Last month I had my final Board meeting as Chair of the Principles for Sustainable Insurance (PSI). I am profoundly grateful for the privilege of serving the Board and working with global sustainability leaders within the insurance industry and the UN. Enabling the PSI to continue to be an effective platform for private sector collaboration and thought leadership has been an important achievement of the Board and Secretariat over the years.

I am happy and proud to see that during the last few years we have further strengthened the capacity of the global insurance industry to work more effectively and align strategies and products with net-zero commitments, TCFD frameworks, and the UN Sustainable Development Goals. We have also created ESG guidelines for various lines of insurance business and an innovative facility to deliver inclusive insurance solutions for MSMEs in the most climate-vulnerable economies. In the same period, the PSI’s global membership has increased by approximately 40 per cent. This fast-growing interest indicates that the industry wants more collaborative efforts to meet global sustainability challenges.

Fostering mechanisms to collaborate better is therefore key to solving global challenges. However, working with sustainability both individually and collaboratively can be motivating, challenging, but also frustrating. Motivating because we work to help solve current global issues, challenging because the world is endlessly filled with obstacles and dilemmas, and frustrating because change may not be happening fast enough. Too many systemic structures and functions maintain the status quo and hinder progress. Yet finding ways to accelerate sustainable change has been one of my missions as an executive and in my career in general. I have learnt that to become more sustainable, we need to work with change where we may face resistance.

Fortunately, there is an increasing amount of talented people pushing the sustainability agenda within large companies, regulators, and local and international organizations. This is also evident in my company, Storebrand, and in the companies represented in the PSI where individuals are driving change through collaboration. I believe that to really succeed as change agents within our entities we must demonstrate leadership and be:

  • Optimistic – to truly believe we can make a difference.
  • We need to be Stubborn and never give up.
  • Diplomatic – we must master the arts of soft power: building relationships, exchanging trades – and communicating veiled threats.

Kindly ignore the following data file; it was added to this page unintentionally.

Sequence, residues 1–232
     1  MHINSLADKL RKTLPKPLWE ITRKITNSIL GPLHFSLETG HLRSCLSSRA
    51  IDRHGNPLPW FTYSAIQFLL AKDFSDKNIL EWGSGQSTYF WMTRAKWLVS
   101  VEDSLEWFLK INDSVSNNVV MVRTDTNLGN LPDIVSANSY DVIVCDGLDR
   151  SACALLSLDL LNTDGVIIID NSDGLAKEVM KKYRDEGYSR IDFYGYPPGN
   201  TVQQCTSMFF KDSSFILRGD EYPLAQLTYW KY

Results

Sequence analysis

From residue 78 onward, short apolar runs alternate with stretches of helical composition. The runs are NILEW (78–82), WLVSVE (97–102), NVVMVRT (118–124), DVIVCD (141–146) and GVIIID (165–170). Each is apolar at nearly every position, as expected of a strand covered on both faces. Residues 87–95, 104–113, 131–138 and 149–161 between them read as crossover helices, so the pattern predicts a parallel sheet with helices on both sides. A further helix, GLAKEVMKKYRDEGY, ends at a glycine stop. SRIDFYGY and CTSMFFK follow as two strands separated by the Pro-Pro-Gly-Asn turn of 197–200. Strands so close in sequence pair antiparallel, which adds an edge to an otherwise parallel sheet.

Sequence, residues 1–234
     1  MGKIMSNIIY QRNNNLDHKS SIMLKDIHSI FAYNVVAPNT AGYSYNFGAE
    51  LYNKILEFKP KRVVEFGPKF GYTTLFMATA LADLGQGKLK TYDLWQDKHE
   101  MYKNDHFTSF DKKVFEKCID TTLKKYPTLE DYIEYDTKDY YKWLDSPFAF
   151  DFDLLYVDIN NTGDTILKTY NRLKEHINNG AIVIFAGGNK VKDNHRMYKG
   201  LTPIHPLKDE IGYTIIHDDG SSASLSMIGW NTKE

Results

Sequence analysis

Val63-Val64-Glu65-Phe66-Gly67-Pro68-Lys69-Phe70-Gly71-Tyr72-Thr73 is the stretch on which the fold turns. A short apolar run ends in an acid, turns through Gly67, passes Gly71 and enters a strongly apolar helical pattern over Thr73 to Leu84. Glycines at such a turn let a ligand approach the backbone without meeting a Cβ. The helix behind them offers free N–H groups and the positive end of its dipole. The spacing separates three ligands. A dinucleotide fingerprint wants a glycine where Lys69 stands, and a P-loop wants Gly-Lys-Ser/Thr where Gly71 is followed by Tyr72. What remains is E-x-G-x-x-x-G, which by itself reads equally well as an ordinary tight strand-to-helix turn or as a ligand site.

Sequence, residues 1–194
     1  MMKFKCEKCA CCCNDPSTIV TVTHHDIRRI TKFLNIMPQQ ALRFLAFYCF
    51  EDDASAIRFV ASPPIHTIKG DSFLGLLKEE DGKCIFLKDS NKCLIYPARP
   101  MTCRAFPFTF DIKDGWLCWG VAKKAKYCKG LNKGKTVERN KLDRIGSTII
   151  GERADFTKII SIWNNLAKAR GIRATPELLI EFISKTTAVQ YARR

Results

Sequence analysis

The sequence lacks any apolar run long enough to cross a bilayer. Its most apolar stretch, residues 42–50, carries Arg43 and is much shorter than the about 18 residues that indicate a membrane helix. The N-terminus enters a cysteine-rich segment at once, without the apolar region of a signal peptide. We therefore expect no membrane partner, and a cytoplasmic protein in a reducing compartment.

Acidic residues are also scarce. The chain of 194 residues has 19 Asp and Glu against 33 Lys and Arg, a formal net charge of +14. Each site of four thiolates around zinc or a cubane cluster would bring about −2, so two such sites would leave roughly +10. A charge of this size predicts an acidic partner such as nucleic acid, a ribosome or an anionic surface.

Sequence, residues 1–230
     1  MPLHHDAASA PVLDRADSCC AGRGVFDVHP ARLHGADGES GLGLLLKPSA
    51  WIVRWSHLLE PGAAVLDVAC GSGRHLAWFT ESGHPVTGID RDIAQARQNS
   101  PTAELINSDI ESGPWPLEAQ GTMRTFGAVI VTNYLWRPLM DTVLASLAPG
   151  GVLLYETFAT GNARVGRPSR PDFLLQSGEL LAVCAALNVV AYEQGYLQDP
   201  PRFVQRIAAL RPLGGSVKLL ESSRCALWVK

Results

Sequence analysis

• And lastly, we must be the Experts – to cultivate respect and attract attention, we must be the source of the facts, the data, the science, the trends.

Once we have become this optimistic, stubborn, and diplomatic expert, we can turn outward to the mission of changing our organizations, and hopefully society.

I would also like to highlight a few final points about being an expert and key lessons from my time at Storebrand where reporting and usage of ESG data has been a strategic asset. Many of us are responsible for ESG reporting and we may feel that the increasingly complex reporting is a growing burden and a headache. But if we think about it differently, we can use that data to set targets and influence entity strategy and management decisions. Below are some reflections on why data and reporting can help entities and industries change.

  • Granular ESG data is powerful. The more granular data, the more understanding we will have about risks and opportunities for the company and how the company affects society around us. Detailed data also helps reduce the risk of greenwashing and gives customers the power to scrutinize aggregated and wishy-washy ESG data.
  • Showcase ESG data whenever you can. Management meetings, Board meetings and internal town halls are important venues to showcase ESG data and key performance indicators.
  • Connect ESG data and management accountability. Channeling ownership of ESG data across management or middle-management functions may improve the general sustainability focus across the organization.
  • Celebrate progress often. Celebrating progress will keep the organization’s and teams’ spirit motivated to move one inch closer next time.
  • Do not let perfect get in the way of progress. Nothing is perfect. And within sustainability, the field is constantly evolving with new reporting challenges and dilemmas.